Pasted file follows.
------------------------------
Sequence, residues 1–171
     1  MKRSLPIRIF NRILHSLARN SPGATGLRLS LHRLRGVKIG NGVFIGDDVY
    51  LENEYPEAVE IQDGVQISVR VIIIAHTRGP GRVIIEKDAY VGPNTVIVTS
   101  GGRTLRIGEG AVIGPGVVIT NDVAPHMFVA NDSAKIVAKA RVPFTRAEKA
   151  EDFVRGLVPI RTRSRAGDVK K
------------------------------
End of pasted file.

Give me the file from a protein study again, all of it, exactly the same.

Sequence, residues 1–171
     1  MKRSLPIRIF NRILHSLARN SPGATGLRLS LHRLRGVKIG NGVFIGDDVY
    51  LENEYPEAVE IQDGVQISVR VIIIAHTRGP GRVIIEKDAY VGPNTVIVTS
   101  GGRTLRIGEG AVIGPGVVIT NDVAPHMFVA NDSAKIVAKA RVPFTRAEKA
   151  EDFVRGLVPI RTRSRAGDVK K